At least one tornado — and most likely many more — ripped through southwest Oklahoma last night (Nov. 7) due to textbook twister weather, just days after the biggest earthquake in the state's history.
One twister has been confirmed by the National Weather Service (NWS) in Norman, Okla., and today, their storm damage survey teams will deploy to investigate the tornado tracks. They will most likely confirm other tornadoes and rate their strength.
"There were probably quite a few more than one tornado," said Mark Austin, a meteorologist at the NWS office in Norman.
Baseball-size hail pounded the state. Wind gusts up to 92 mph were reported. A twister flipped a storm-chaser's car, but he escaped unscathed.
Many buildings in Oklahoma are vulnerable to severe weather after a magnitude 5.6 earthquake rocked the state this past weekend. The earthquake was the largest in the state's history, and was bookended by a magnitude 4.7 foreshock and a magnitude 4.7 aftershock, which struck last night.
No twister-related injuries have been reported, but an Oklahoma State University extension office was destroyed in Tillman County, in the southwest part of the state.
Storm survey teams will be analyzing the damage today to determine the storms' strength on the Enhanced Fujita tornado damage scale. The last EF-2 or stronger tornado to hit Oklahoma in November was in 1987, according to the Weather Channel.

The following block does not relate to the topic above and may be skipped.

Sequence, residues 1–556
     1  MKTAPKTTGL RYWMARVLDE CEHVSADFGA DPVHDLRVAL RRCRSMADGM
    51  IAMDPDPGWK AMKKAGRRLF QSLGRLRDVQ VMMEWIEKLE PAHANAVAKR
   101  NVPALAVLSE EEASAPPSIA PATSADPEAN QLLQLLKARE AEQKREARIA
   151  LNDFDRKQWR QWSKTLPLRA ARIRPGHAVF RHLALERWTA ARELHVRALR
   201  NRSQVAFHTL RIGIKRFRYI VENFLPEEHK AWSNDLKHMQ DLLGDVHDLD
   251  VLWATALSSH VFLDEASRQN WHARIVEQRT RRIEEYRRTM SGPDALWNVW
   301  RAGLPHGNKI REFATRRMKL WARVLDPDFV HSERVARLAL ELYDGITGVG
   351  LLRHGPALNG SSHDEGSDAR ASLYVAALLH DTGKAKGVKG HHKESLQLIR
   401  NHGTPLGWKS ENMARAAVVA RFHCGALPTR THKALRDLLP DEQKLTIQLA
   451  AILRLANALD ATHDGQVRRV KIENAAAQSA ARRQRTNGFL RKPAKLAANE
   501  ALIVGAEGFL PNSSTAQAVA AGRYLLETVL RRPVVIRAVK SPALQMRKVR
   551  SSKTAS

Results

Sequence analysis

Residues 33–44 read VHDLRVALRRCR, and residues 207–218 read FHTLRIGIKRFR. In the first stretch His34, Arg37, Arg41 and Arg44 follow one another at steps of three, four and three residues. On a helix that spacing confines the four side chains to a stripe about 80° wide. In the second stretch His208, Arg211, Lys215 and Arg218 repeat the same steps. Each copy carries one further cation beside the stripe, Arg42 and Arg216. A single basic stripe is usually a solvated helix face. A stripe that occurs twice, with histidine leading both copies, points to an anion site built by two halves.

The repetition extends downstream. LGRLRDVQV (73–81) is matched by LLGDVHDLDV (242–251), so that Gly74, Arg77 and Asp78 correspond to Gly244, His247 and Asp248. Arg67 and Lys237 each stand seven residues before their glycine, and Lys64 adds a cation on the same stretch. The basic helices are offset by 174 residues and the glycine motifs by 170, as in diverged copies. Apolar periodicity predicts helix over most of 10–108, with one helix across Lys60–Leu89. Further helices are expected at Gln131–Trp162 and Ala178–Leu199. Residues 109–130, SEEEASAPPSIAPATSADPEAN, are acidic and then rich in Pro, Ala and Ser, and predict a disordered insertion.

"We have survey crews going out today and they're going to verify that all those tornadoes were confirmed before we send out our reports," Austin told OurAmazingPlanet.
Tornado Alley's picturesque tornadoes are formed by the collision of warm, moist air from the Gulf of Mexico and cool, dry Arctic air. Yesterday, Oklahoma had quite a bit of moisture in the air, combined with lots of instability due to temperatures in the mid-70s Fahrenheit (around 21 Celsius), and a good bit of wind shear, the change in wind direction over a short height.
"It was pretty much typical of what you would see with any tornado outbreak," Austin said.
To form a tornado, the warm air rises and hits the wind shear and creates the rotation — think of a pinwheel with air pushing in opposite directions on the top and bottom. Below the pinwheel, a cap of warm air bottles up surface heat below about 10,000 feet (3,000 meters).
Heat builds until it punches through the cap, triggering a thunderstorm. With enough air shooting up and down, the pinwheel is knocked on its side, creating a huge rotating mass of clouds called a mesocyclone — the hallmark of a tornado-spawning supercell storm — from which a funnel cloud can shoot down.
Several apparently distinct twisters were captured on videos posted to YouTube. One twister had a "beavertail" and another twister had a classic "stovepipe" funnel, said the Weather Channel's Greg Forbes.
A beavertail shoots out of the bottom of a funnel cloud where the storm is sucking in air that is warm and moist — in other words, unstable — Austin said. Moisture yesterday even poured over the mountains in southwest Oklahoma, then condensed and formed tails in wall clouds, the low, rotating clouds that can spawn tornadoes.
The outbreak marked the first big action of the second-tornado season, which usually hits hard in Dixie Alley in the late fall, southeast of the well-known Tornado Alley.
More severe weather has been forecast for the Plains today, from Springfield, Mo., to southwest Louisiana.
You can follow OurAmazingPlanet staff writer Brett Israel on Twitter: @btisrael. Follow OurAmazingPlanet for the latest in Earth science and exploration news on Twitter @OAPlanet and on Facebook.